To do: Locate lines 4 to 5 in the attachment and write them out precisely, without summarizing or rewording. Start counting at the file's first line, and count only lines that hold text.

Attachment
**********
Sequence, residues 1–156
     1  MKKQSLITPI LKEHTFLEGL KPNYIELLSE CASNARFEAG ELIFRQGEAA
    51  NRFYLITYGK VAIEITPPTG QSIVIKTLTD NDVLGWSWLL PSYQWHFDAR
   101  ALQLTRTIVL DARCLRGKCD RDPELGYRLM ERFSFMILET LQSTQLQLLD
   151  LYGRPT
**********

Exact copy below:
   101  ALQLTRTIVL DARCLRGKCD RDPELGYRLM ERFSFMILET LQSTQLQLLD
   151  LYGRPT